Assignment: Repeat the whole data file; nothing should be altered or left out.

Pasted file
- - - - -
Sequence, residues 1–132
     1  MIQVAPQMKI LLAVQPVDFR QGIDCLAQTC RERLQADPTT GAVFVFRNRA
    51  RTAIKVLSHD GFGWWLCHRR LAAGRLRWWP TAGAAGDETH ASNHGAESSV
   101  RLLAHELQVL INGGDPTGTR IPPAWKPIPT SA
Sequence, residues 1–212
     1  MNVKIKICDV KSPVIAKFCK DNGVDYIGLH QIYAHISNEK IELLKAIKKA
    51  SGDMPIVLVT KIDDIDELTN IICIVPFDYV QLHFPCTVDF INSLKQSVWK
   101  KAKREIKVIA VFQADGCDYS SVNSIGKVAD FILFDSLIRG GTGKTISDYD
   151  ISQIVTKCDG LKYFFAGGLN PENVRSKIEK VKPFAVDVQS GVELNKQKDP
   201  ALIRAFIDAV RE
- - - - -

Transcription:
Sequence, residues 1–132
     1  MIQVAPQMKI LLAVQPVDFR QGIDCLAQTC RERLQADPTT GAVFVFRNRA
    51  RTAIKVLSHD GFGWWLCHRR LAAGRLRWWP TAGAAGDETH ASNHGAESSV
   101  RLLAHELQVL INGGDPTGTR IPPAWKPIPT SA
Sequence, residues 1–212
     1  MNVKIKICDV KSPVIAKFCK DNGVDYIGLH QIYAHISNEK IELLKAIKKA
    51  SGDMPIVLVT KIDDIDELTN IICIVPFDYV QLHFPCTVDF INSLKQSVWK
   101  KAKREIKVIA VFQADGCDYS SVNSIGKVAD FILFDSLIRG GTGKTISDYD
   151  ISQIVTKCDG LKYFFAGGLN PENVRSKIEK VKPFAVDVQS GVELNKQKDP
   201  ALIRAFIDAV RE